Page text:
Cook This: Dashi-Steamed Egg Custard from Korea

This pipping-hot savory egg custard is often served as a banchan at Korean barbecue restaurants and has a similar texture to Japanese chawan mushi. It’s often cooked in a traditional clay pot (called a ttukbaegi) but you can cook the eggs in any small heatproof bowl to get the same effect at home.


Vegan Dashi

  • 8 dried shiitake mushrooms
  • ½ white or yellow onion, thinly sliced
  • 5 garlic cloves
  • 4 4×4″ pieces kombu

Steamed Eggs

  • 2 scallions
  • 5 large eggs
  • Kosher salt
  • Crushed toasted nori sheets (for serving)



Vegan Dashi

  • Bring mushrooms, onion, garlic, kombu, and 2 quarts water to a simmer in a large saucepan over medium-high heat. Cook, reducing heat as needed to maintain a simmer, 30 minutes.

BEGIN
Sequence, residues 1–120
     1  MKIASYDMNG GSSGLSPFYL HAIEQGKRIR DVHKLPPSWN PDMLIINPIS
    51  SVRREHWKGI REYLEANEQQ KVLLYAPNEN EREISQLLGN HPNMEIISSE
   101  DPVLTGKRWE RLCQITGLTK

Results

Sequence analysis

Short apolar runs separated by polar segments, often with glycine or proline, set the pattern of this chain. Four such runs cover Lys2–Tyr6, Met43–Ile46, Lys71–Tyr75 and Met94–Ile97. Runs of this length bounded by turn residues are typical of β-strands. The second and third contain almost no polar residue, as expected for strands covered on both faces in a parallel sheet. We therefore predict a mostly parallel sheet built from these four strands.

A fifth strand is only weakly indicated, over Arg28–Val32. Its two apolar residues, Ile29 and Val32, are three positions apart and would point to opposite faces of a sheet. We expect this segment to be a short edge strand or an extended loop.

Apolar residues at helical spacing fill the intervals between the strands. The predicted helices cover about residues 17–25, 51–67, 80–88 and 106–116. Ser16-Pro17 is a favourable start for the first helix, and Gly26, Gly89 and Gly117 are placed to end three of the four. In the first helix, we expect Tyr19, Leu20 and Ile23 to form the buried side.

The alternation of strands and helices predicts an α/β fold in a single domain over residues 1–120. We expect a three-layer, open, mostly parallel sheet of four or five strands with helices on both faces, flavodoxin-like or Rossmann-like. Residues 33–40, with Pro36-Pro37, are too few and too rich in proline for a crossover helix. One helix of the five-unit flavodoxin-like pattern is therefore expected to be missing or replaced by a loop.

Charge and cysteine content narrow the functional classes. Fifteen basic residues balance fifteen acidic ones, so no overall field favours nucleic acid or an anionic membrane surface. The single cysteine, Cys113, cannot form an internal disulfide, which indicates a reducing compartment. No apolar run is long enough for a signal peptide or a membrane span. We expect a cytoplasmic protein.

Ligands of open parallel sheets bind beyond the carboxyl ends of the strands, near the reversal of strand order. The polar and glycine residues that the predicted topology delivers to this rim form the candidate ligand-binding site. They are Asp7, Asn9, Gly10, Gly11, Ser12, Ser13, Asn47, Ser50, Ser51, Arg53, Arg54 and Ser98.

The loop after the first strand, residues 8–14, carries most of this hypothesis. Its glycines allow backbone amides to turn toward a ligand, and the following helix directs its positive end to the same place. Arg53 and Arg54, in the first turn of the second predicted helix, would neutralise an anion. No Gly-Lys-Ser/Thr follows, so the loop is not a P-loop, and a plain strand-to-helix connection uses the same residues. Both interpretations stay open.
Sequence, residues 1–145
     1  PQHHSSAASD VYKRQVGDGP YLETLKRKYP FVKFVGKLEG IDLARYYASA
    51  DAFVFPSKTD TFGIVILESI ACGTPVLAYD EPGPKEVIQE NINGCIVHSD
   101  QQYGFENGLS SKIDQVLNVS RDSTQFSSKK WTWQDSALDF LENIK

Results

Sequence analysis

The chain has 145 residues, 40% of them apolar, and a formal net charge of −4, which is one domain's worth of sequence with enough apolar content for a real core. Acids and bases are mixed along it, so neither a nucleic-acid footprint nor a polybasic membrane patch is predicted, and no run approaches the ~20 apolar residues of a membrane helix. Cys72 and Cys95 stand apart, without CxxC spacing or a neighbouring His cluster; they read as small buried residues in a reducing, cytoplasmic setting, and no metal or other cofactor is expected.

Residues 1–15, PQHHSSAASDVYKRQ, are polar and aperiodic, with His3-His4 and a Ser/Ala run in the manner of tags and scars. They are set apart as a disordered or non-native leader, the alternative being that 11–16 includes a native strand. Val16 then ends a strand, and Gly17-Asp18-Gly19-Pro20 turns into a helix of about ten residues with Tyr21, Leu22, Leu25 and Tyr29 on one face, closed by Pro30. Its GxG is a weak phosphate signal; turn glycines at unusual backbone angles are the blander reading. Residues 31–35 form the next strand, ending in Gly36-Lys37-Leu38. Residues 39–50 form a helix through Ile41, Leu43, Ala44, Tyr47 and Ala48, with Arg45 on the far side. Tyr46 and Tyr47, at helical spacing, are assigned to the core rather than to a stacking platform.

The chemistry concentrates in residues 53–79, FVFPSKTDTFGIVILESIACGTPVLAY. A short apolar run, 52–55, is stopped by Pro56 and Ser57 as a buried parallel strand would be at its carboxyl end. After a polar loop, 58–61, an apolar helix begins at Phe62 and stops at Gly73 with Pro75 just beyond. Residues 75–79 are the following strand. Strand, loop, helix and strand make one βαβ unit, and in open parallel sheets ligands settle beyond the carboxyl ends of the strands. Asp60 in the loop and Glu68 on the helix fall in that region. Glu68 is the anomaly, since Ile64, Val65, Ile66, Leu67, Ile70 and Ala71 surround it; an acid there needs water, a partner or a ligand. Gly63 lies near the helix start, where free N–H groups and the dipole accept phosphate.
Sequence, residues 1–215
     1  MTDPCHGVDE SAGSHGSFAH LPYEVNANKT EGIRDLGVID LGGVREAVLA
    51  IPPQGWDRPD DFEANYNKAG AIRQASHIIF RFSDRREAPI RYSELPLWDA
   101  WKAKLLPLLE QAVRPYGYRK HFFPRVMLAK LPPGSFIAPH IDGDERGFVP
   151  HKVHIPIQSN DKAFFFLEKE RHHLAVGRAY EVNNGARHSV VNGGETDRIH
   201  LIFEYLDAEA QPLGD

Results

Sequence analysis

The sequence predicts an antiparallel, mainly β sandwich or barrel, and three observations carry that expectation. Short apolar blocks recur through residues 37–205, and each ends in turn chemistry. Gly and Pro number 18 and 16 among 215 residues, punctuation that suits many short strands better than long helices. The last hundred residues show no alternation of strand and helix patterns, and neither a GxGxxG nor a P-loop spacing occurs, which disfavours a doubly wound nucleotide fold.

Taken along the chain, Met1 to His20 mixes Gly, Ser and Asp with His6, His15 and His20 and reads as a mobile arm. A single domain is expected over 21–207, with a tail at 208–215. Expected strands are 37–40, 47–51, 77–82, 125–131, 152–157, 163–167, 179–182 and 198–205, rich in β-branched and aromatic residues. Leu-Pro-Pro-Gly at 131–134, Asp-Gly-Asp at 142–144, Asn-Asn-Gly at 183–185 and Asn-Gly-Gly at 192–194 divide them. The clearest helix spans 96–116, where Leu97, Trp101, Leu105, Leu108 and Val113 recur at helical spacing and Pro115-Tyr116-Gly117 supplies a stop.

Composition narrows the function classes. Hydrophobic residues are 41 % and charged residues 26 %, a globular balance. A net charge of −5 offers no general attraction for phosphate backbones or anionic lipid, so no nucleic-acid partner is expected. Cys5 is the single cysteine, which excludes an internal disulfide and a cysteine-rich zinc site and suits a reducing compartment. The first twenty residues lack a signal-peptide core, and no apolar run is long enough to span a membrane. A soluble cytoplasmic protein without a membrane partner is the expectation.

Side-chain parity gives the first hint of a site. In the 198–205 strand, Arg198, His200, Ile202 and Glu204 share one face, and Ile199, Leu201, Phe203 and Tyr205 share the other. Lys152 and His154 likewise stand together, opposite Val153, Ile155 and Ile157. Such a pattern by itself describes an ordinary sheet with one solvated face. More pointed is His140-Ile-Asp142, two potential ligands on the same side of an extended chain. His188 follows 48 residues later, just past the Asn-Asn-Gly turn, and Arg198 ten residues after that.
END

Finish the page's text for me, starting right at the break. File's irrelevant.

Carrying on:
• Strain dashi through a fine-mesh sieve into a large bowl (or an airtight container if not using right away) and let cool.

  • Do Ahead: Dashi can be made 1 week ahead. Cover and chill.

Steamed Eggs

  • Separate dark green tops from scallions; thinly slice both parts and set aside separately. Gently whisk eggs in a heatproof ceramic bowl that can hold at least 3 cups water (a pair of chopsticks are the ideal whisking tool since they fully incorporate the eggs without introducing too much air). Add ¾ cup cooled dashi and season with salt (you’ll need about ½ tsp. kosher salt, as the dashi is unseasoned). Stir in reserved scallion whites and pale green parts.

  • Place bowl inside a large saucepan with a tight-fitting lid. Pour in water to come two-thirds up the sides of the bowl. Cover saucepan and set over medium-high heat. Bring water to a boil. Reduce heat and simmer until eggs are just set (they will still wobble slightly when gently wiggled), 18–25 minutes.

  • Serve eggs topped with crushed nori and reserved scallion greens.